This research aimed to highlight the extension of the inclusive aspects of urban green spaces to playgrounds through the consideration of socio-demographic characteristics, physical accessibility, commute time, and program elements of playground design. Among the variables assessed, the study results identified that the playground studied was well balanced with regard to visitation frequencies throughout the day. Children tended to utilize water features more as expected as well as some other unique design elements of the playground. However, the mode of access and travel time for users needs special attention by park management, designers, and planners as most people drive with their personal vehicles to access the playground, often for over ten minutes. Also, children who have a physical disability need more program elements to engage with in the playground.

Looking at the socio-demographic features of the study, there was a balance between the age groups of parents between 18 and 54 years, though female parents were much more prevalent than male parents, as might be expected. However, ethnic diversity was lacking within the park as Whites comprised almost 60% of the total participants. So, it is suggested to invite other ethnicities into the playground.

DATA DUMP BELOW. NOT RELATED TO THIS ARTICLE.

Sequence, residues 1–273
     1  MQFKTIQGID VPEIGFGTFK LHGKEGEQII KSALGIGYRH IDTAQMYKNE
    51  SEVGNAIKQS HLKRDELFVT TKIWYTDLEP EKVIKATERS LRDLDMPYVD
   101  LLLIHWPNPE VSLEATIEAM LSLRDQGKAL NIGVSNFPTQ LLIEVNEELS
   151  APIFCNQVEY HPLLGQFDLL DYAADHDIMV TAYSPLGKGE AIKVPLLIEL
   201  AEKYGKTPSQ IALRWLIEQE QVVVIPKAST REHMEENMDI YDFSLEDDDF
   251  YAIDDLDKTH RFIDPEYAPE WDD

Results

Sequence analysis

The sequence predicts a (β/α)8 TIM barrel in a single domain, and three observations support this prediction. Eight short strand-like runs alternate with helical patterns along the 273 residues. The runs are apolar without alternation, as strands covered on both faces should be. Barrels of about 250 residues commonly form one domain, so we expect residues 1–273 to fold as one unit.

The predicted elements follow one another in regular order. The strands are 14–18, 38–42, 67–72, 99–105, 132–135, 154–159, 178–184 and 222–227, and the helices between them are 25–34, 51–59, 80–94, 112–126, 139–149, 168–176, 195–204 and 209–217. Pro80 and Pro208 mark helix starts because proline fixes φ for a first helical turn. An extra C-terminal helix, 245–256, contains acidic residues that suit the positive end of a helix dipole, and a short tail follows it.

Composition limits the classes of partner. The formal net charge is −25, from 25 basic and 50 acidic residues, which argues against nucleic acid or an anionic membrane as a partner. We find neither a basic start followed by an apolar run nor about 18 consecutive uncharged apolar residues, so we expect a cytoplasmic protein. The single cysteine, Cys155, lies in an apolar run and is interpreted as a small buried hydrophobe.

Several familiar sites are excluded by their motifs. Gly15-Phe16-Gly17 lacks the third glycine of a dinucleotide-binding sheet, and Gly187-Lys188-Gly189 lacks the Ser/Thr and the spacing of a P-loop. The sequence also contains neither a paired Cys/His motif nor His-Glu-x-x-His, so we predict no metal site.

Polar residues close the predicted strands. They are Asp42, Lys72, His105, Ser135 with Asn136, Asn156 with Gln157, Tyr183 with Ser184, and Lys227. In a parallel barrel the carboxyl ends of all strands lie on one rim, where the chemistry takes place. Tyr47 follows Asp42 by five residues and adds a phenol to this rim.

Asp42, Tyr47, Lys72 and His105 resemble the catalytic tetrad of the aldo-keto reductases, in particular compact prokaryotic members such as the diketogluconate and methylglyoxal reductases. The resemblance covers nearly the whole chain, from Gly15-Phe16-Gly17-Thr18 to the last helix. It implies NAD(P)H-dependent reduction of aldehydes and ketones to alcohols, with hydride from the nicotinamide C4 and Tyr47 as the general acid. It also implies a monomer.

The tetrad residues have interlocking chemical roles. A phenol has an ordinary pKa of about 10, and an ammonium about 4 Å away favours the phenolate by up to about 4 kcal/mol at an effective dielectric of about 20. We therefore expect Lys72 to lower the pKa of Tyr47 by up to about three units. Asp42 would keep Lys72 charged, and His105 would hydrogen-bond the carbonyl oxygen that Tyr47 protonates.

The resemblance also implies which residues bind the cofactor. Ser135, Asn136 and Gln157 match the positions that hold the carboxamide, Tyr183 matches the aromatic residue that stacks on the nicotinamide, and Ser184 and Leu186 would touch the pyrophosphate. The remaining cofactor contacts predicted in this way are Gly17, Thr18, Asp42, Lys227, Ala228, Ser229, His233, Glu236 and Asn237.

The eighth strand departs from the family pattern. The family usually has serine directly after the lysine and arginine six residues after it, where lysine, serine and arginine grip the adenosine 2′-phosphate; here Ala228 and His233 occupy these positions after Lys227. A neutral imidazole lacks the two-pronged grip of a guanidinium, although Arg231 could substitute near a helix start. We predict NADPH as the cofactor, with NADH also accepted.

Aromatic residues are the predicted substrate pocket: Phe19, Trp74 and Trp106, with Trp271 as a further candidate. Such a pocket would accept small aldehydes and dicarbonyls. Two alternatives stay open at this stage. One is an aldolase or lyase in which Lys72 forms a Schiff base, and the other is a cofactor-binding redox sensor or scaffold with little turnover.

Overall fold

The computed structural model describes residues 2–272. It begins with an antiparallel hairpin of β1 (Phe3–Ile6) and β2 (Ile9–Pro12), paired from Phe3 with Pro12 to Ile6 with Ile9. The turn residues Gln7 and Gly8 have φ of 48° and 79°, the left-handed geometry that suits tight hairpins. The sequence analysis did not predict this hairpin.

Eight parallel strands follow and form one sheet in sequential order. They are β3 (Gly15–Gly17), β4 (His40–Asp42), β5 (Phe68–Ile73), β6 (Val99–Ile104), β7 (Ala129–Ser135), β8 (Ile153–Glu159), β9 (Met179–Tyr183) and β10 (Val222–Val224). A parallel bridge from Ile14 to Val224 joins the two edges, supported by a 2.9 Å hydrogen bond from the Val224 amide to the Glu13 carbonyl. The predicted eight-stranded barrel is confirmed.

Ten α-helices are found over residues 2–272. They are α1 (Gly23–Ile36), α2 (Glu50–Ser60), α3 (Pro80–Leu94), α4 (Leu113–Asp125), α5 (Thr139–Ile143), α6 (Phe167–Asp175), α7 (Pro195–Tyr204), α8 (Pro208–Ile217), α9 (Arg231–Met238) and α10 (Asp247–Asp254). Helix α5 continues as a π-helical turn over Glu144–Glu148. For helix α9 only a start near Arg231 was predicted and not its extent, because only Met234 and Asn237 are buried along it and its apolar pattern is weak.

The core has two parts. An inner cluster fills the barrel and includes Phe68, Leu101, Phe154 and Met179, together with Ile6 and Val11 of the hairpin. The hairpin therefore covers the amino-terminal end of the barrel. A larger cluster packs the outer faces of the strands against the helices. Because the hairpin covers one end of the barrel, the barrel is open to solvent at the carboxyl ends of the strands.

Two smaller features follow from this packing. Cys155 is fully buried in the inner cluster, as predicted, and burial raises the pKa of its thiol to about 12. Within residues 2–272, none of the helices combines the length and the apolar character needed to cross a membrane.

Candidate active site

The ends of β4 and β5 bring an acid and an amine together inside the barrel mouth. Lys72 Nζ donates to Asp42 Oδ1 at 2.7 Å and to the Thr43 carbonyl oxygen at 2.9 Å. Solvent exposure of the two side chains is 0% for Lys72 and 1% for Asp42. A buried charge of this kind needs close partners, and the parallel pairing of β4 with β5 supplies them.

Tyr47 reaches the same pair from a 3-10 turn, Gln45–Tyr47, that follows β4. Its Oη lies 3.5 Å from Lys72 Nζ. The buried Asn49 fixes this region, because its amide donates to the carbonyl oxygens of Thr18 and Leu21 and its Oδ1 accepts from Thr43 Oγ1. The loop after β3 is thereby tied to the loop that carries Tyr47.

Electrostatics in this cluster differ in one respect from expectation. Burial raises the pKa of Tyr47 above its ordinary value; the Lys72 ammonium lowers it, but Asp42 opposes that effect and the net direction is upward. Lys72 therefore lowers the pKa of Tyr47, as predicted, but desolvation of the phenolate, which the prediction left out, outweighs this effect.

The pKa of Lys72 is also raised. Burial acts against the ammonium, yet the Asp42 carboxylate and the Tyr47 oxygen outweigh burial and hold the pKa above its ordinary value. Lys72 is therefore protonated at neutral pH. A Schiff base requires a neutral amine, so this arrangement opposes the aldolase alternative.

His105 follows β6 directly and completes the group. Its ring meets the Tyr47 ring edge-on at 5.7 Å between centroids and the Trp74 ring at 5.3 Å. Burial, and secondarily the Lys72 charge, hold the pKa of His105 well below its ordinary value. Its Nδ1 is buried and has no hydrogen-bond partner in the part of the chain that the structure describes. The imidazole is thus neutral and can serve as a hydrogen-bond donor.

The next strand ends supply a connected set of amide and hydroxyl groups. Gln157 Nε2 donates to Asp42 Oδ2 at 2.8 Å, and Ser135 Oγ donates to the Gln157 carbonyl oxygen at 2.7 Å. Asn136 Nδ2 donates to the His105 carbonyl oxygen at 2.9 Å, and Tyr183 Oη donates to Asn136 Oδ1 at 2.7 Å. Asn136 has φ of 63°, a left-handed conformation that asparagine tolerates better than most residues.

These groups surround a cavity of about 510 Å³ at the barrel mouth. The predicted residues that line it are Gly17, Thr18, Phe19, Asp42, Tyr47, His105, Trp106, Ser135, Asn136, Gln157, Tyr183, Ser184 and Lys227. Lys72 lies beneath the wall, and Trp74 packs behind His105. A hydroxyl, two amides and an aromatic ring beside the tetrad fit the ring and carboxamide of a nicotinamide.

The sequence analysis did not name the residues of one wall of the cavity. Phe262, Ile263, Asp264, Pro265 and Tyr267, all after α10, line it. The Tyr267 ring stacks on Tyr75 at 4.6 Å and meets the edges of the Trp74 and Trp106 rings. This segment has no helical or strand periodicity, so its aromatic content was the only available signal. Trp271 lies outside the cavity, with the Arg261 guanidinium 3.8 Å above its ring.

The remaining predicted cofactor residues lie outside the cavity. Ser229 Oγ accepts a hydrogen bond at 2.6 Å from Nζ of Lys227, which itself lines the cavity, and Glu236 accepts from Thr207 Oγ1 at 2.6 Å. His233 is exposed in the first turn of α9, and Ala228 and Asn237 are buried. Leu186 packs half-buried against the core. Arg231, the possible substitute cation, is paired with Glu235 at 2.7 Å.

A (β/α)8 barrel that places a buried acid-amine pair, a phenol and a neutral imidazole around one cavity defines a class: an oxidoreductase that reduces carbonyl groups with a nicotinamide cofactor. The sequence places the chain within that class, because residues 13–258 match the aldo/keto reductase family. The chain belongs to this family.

Behavioral observation provided critical recalls for designers, managers, and planners of urban green spaces. As such, children and parents seemed more interested in water features and unique design elements. Also, as the observation identified, in order to enhance inclusivity within playgrounds, group play or team-related activities, such as Sand Play areas, should be encouraged and designed for. Moreover, program elements that offer more activities for different age groups, such as the Play Square, may also help to create more inclusive urban green spaces. In addition, design solutions that further facilitate socialization between parents, may also establish connections between children.